The future of the Rights of Nature: An interdisciplinary scoping analysis

Research output: Book/ReportCommissioned report

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The Earth is facing multiple interdependent social and ecological crises including climate change, biodiversity loss and habitat loss, necessitating an urgent rethink of the ways in which humankind conserve and manage natural environments. In such a context, the proposal of recognising the rights of nature (RoN) offers a possible paradigm change in our approach to and relationship with nature. RoN is increasingly being recognized in laws, legal decisions, and declarations worldwide. The reasons for this are complex and place-specific, but relate to issues of social equity and representational justice, the (in)effectiveness and/or (non)enforcement of environmental regulation, and the pressing concerns for global socio-ecological challenges. RoN is seen by many as the paradigm shift needed to embed ecology and the environment into nature-based policy and management solutions to address biodiversity loss, climate change, and sustainable development.
Our scoping study highlights that despite its promising role to offer a revolutionary approach to our relationship with nature, academic research and funding have yet to engage meaningfully with this emerging field of research. Existing research projects are grappling with RoN from specific disciplinary perspectives and the truly transformative nature of this new approach to our environment must still be explored. Although rights of nature have been introduced in various countries across the world, research linking humanities, social sciences and environmental sciences is still lacking. As our report highlights, the potentially transformative impact of RoN on social and ecological systems warrants such interdisciplinary research. To fully understand how human beings and societies relate to the non-human environment, how to comprehend and act upon the obligations we have towards nature and to each other, and how to navigate and creatively re-think our social, legal, and political approaches to non-human nature, we need methodologies and approaches that transcend humanities, social sciences and environmental sciences as well as ones that can better link theories with practice.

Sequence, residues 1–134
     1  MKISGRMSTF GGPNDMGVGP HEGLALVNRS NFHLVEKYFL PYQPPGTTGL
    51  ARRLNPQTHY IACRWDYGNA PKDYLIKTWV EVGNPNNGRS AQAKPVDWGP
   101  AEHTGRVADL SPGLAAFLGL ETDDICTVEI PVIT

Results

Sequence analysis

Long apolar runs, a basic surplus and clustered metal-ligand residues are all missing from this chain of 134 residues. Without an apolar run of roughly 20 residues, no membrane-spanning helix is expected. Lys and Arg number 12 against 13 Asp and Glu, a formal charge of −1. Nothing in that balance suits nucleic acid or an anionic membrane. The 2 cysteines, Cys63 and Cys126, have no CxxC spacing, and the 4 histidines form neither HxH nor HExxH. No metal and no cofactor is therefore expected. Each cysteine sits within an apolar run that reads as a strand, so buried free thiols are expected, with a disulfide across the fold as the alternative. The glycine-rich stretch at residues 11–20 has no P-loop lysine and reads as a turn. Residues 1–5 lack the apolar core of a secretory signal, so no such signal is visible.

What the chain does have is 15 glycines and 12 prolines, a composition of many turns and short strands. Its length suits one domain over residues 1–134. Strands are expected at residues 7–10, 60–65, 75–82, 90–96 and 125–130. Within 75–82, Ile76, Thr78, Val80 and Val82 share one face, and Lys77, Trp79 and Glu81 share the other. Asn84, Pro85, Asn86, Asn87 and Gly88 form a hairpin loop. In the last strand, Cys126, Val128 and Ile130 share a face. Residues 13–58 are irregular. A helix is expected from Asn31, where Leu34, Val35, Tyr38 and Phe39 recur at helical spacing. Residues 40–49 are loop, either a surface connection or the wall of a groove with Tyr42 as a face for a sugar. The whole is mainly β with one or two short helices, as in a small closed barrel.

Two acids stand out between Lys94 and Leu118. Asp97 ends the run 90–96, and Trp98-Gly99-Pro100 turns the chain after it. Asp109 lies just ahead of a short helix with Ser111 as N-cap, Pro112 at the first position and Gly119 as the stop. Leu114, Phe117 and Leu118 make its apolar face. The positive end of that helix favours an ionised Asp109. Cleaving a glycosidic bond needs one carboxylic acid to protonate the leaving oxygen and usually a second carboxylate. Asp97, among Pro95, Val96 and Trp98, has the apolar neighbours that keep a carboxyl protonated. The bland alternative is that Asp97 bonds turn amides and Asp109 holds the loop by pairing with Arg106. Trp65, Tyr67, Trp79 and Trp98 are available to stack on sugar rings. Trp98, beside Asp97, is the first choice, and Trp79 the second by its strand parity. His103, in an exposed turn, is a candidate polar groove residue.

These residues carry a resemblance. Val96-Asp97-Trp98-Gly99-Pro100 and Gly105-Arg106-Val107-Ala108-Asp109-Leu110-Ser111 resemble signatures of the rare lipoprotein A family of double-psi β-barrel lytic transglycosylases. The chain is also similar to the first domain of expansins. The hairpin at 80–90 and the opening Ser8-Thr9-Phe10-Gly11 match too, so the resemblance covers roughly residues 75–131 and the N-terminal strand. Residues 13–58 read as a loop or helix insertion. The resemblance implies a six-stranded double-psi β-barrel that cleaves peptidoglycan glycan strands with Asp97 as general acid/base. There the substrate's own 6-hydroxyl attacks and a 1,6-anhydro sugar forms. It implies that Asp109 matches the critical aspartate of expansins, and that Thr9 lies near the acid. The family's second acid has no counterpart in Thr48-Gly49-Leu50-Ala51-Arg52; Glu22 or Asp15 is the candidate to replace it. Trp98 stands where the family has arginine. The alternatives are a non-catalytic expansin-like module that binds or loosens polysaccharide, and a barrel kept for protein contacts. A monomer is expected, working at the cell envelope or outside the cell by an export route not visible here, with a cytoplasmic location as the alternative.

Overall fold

To fill this gap, our scoping study offers first ideas and methodologies to undertake interdisciplinary research, notably between humanities, social sciences, and environmental sciences. The study suggests that recognising RoN could enhance local communities’ participatory role by recognising their ‘guardianship’ role towards nature, which could contribute to a better socio-cultural and ecological model of social-environmental governance, and as such could offer a solid platform to bring a real transformative approach to address some of the most urgent social-environmental challenges of our planet. To address these challenges, our report suggests common areas of focus for interdisciplinary and transdisciplinary research, whilst also examining possible avenues to support the funding of this research. We also highlight the need for more research in a European context as research on RoN and how it could be developed in Europe is lagging behind compared to research in other parts of the globe. Due to the urgency of the social-ecological challenges at the heart of this research (e.g., biodiversity, climate change, sustainable development), the study highlights the required funding interventions that span a range of types, scales, and timelines to support the strong and growing pipeline of transdisciplinary research needed to understand, evaluate, and put into practice the potential truly revolutionary nature of RoN.
Original languageEnglish
PublisherArts and Humanity Research Council
Commissioning bodyArts and Humanity Research Council
Number of pages52
Publication statusPublished - 21 Nov 2022


  • rights of nature
  • interdisciplinary
  • Ecology

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